delivered to the clerk’s office before the date of the trial. Otherwise, the plaintiff cannot get
judgment on the trial date if the defendant fails to come to court (which happens frequently), and
the case will be continued until the ten-day notice requirements have been met.
Service of Process
After the clerk completes the clerk’s portion of the civil warrant prepared by the plaintiff,
the papers are sent to the sheriff of the county or city where the defendant is located or the
plaintiff may utilize a private process server to serve the papers on the defendant. A deputy of the
sheriff’s department or a private process server will deliver the civil warrant to the defendant,
thus providing notification of the suit. This notification is called “service of process.”
If the civil warrant lists the defendant’s home address, process may be served by the
deputy sheriff or private process server delivering the civil warrant to the defendant or to any
member of the defendant’s family age sixteen years or older who is present at the defendant’s
“usual place of abode” (usually his or her home). If neither the defendant nor anyone in the
defendant’s family can be located, the deputy sheriff or private process server may “post”
(attach) the civil warrant to the front door of the defendant’s usual place of abode. In some cases,
the deputy sheriff or private process server will not be able to serve the papers by the above
methods. The papers then will be returned to court with the deputy sheriff’s or private process
server’s written statement that the defendant was “not found” (that he or she was unable to serve
the papers on the defendant). Without service of process having been made, the court cannot try
the case. If you are suing a corporation, an out-of-state defendant, or if service of process cannot
be made by the deputy sheriff or private process server, you should contact the clerk to inquire
how service of process may be issued and what fees (if any) are involved.
If the only available address of the defendant is a work address, the civil warrant must be
served in person. Sometimes, it can be difficult for a deputy sheriff or private process server to
locate someone at work, and the sheriff’s department or private process server will only make a
limited number of attempts to serve process before returning the civil warrant or summons to the
Return of the Warrant
The civil warrant will include a specific date and time when the defendant and the
plaintiff must come to court for the trial of their dispute. This date is sometimes called the
“return date.” All of the cases scheduled for trial on the same date may require the parties to
appear at the same time. However, the cases will be called one at a time when the parties will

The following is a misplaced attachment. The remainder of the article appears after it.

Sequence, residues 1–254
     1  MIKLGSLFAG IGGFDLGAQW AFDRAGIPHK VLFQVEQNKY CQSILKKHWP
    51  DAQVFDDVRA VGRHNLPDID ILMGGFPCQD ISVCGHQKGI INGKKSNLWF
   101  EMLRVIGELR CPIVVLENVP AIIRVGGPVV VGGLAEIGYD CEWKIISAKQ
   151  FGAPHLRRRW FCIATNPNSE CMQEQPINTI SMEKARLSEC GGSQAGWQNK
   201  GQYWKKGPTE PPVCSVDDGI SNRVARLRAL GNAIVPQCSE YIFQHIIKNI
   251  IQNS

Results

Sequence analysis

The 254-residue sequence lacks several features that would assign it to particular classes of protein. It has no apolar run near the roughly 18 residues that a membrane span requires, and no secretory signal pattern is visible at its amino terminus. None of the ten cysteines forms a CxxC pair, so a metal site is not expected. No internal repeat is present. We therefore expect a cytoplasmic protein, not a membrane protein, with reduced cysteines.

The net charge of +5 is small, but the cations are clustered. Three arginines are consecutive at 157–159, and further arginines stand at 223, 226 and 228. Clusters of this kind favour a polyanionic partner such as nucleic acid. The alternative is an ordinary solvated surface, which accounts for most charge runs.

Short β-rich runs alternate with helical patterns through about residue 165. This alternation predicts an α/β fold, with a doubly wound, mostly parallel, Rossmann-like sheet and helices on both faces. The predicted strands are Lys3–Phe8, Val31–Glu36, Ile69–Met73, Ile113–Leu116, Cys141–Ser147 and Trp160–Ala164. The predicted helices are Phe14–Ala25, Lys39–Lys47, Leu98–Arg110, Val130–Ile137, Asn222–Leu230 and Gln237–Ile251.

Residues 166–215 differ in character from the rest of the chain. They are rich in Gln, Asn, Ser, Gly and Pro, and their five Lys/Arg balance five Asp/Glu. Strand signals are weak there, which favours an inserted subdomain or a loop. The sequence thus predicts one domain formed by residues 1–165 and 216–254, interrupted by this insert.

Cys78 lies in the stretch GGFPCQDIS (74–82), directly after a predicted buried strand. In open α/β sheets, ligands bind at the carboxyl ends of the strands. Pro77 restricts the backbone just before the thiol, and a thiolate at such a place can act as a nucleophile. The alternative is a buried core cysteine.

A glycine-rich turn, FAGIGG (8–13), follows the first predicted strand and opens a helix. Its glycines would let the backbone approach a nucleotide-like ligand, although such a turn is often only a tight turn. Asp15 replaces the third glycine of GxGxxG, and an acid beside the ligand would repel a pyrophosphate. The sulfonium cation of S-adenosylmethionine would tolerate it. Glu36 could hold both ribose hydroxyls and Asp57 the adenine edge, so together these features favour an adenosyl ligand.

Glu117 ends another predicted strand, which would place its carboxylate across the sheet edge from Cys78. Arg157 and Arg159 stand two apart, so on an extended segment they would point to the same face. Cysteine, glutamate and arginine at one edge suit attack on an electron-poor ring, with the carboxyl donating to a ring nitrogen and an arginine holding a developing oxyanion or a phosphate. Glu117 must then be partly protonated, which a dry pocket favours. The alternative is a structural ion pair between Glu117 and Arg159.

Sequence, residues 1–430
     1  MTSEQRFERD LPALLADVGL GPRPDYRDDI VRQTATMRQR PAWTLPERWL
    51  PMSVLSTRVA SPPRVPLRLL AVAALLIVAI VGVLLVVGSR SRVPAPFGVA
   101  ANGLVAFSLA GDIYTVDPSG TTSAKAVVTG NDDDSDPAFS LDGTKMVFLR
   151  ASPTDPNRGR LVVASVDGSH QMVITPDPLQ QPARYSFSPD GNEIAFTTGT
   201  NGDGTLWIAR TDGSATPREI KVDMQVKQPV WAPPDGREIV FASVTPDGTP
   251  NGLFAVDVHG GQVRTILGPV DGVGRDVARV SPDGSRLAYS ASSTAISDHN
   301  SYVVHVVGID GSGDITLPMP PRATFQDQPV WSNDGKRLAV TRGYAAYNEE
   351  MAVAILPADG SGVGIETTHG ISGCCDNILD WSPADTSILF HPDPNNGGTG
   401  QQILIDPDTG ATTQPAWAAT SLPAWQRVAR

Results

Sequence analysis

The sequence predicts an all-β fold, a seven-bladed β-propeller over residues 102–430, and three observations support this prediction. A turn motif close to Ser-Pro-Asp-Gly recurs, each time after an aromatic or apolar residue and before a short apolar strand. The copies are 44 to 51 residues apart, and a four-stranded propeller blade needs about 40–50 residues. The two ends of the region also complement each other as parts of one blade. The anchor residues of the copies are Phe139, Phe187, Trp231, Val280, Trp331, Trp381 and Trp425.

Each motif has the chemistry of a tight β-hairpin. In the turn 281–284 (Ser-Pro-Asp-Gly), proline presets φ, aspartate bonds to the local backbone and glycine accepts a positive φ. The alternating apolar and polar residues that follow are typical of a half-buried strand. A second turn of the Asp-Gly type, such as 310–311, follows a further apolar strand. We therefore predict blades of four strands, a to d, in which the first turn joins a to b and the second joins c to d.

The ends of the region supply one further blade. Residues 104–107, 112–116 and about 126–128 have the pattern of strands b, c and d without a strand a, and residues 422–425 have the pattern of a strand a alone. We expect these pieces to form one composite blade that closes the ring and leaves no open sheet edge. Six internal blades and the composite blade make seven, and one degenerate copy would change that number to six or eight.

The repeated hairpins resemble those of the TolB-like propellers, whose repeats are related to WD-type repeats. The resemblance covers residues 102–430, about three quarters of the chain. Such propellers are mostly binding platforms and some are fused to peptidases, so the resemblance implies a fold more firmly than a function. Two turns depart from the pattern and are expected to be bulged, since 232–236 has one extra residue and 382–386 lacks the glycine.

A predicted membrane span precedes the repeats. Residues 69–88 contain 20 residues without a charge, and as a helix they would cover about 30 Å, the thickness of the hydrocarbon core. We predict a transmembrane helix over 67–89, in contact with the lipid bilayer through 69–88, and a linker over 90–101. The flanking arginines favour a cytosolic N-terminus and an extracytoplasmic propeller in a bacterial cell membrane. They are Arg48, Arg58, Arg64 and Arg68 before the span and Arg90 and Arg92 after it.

approach the judge concerning their case.
If the civil warrant was served on the defendant in a legally correct way and he or she
fails to appear on the return date, a “default judgment” may be entered against the defendant. In
this situation, the court will enter a judgment for the plaintiff on the trial date based on sufficient
evidence from the plaintiff supporting the claim. The defendant has lost the case
If the civil warrant was served by “posting” (attaching) the civil warrant to the front door
of the defendant’s residence, an additional step is required before default judgment will be
entered. The plaintiff must certify to the court that at least ten days before the entry of default
judgment, the plaintiff mailed to the defendant at his or her residence, by ordinary first-class
mail, a copy of the civil warrant. Otherwise, the case will be continued, and the plaintiff must
return to court for the default judgment after the ten-day period has elapsed.
If the plaintiff fails to appear in court, the defendant may ask the judge to decide the case
in the defendant’s favor.
Before the judge decides the case, the defendant has the right to remove the case to the
general district court by completing the Removal to General District Court form on the back of
the civil warrant and giving it to the clerk or judge.
The Question of Representation
All parties shall represent themselves in actions before the small claims court except as
1. A corporate or partnership plaintiff or defendant may be represented by an owner, a
general partner, an officer or an employee of that corporation or partnership. An attorney
may serve in this capacity if he is appearing pro se, but he may not serve in a